Not sure if you’ve noticed, but we here at Observer love us some box office predictions, particularly this summer with heavy-hitters such as Ocean’s 8 and Ant-Man and the Wasp on the way. But right now, it’s time to turn our attention to The Incredibles 2.
The biggest animated blockbuster of the summer, The Incredibles 2 has been 14 years in the making for Disney and Pixar, ever since Brad Bird’s original blew audiences away in 2004. That picture earned $70.5 million in its opening weekend—a Pixar record at the time—en route to $261.4 million domestic and $633 million worldwide.
The sequel’s trailers have been universally praised, and the movie’s promotional campaign has generated widespread positive social media buzz. Though this is a crowded summer with a lot of competition, the current superhero boom may enable The Incredibles 2 to have longer legs than the original. It’s shift in focus onto Holly Hunter’s Elastigirl/Helen Parr is current with the times, and the lack of tentpole animation over the next few months bodes well for its prospects.
But can the sequel top the original?
According to THR, The Incredibles 2 is tracking for a super opening of upwards of $140 million in North America, which would best the animated opening record recently set by Pixar’s Finding Dory. (We love sequels, don’t we?) Let’s take a look at the best case, worst case and most realistic scenarios based off these early tracking estimates.
Best Case Scenario
As a years-in-the-making sequel to a beloved original, the best comparison for The Incredibles 2 may be Finding Dory, which also owned a mid-June release date during a busy summer. Finding Dory would go on to post a rock solid 3.6x multiplier, while earning 48 percent of its total gross in North American and 52 percent overseas (other recent Pixar blockbusters have posted splits closer to 42/58).
Let’s apply those same numbers to The Incredibles 2 and assume it opens to $145 million. That would put it on pace for a whopping $522 million domestic and over/under $1.1 billion worldwide (which actually might be on the light side). The only other wide releases that weekend are Warner Bros.’ Tag and Sony’s Superfly, both of which could do decent numbers as counter-programing, but neither of which are expected to morph into global blockbusters.
Assuming The Incredibles 2 lives up to expectations and is critically praised, positive word-of-mouth will spread quickly, and kids home from school will flock to theaters.
There will still be hold over competition from Deadpool, Solo: A Star Wars Story and Ocean’s 8, but the next big release on the schedule after The Incredibles 2 (June 15) isn’t for another three weeks (Ant-Man and the Wasp on July 6). That gives The Incredibles 2—the most four-quadrant family-friendly release of the summer—ample time to leverage the heightened interest in the superhero genre and gobble up ticket sales.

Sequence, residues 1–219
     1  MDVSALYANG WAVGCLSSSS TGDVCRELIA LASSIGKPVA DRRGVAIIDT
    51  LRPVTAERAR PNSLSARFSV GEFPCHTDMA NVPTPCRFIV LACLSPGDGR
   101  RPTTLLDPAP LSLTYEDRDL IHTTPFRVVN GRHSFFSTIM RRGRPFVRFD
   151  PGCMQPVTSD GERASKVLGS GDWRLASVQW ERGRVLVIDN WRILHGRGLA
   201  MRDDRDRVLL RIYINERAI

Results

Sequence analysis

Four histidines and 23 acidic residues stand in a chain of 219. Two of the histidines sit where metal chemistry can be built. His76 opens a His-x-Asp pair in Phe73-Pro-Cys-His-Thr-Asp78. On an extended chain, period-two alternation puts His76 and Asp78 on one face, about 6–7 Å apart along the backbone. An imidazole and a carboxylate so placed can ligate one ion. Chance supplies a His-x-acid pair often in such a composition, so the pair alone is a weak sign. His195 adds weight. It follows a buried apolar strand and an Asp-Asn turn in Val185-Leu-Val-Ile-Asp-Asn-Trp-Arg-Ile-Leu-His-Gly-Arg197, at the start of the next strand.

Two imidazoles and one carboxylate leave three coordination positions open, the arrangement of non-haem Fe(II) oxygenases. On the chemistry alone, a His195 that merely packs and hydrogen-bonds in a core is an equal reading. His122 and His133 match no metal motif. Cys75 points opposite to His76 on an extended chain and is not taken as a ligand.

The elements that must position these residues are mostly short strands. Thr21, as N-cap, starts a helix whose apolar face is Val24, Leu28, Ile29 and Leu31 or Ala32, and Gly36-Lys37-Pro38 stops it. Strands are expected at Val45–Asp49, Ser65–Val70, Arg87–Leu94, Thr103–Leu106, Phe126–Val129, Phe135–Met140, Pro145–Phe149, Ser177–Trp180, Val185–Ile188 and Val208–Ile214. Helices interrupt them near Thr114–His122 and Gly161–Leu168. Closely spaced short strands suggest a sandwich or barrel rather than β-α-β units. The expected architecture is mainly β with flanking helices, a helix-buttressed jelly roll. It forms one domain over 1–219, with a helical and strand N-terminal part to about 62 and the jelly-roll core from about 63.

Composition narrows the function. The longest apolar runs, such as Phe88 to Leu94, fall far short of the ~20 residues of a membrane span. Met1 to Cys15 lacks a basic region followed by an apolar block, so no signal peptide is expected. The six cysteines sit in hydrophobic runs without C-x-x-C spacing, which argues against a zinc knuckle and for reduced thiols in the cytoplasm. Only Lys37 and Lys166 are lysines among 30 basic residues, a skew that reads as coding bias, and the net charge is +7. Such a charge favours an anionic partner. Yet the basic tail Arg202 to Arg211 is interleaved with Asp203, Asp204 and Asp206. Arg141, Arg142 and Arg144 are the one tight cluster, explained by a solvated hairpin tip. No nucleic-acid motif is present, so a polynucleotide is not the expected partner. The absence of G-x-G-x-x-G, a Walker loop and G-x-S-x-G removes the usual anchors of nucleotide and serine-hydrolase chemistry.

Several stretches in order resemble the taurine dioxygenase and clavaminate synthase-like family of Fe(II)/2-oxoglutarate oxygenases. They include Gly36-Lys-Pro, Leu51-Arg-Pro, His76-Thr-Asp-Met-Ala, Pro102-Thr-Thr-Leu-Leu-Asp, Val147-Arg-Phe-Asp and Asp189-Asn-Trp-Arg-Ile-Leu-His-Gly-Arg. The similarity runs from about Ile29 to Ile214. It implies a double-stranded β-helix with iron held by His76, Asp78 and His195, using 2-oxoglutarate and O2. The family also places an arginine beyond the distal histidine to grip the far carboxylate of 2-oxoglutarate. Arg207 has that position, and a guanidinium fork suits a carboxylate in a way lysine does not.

Worst Case Scenario
Perhaps the $145 million opening and Finding Dory comparison is a bit too bullish. After all, that sequel “only” grew its worldwide gross by 8.8 percent compared to Finding Nemo, whereas a $1.1 billion take for The Incredibles 2 would mark a dramatic 74 percent jump from the original. It would be remarkable if DIsney oversaw four billion dollar pictures (Black Panther, Avengers: Infinity War, Solo, The Incredibles 2) in a single year.
Let’s say The Incredibles 2 is a letdown from arguably the greatest superhero movie of all time and reviews are mixed-to-negative. Families are still catching the trifecta of blockbusters released ahead of it, and the film just isn’t spreading like the studio hoped.
Assuming it opens on the lower end of the tracking estimates (let’s say $130 million) and plays like the disappointing Cars 3 (2.8x multiplier), then we’re looking at around $364 million domestic. If it earns 48 percent of its worldwide gross overseas, like Black Panther, then it’ll be at $700 million worldwide, which is still a win overall.
Even if audiences are suffering from superhero fatigue and after a big opening, it suffers a monumental week-two drop like Batman v Superman: Dawn of Justice and does “just” $300 million domestic, it’s still going to beat the original ($261 million).
Most Realistic Case
If The Incredibles 2 opens right on target ($140 million) and posts a similar domestic multiplier as the original (3.7x), then we get $518 million, which seems a bit generous. Perhaps a more realistic stateside target is a rock solid 3.0x, which gets us to $420 million, and if the splits are similar between the original and sequel, we’re looking at over/under $990 million.
Realistically, The Incredibles 2 should top the original’s take by a wide margin, unless the movie turns out to be shockingly front loaded. Anywhere between $750 million and $1 billion seems do-able at this early juncture.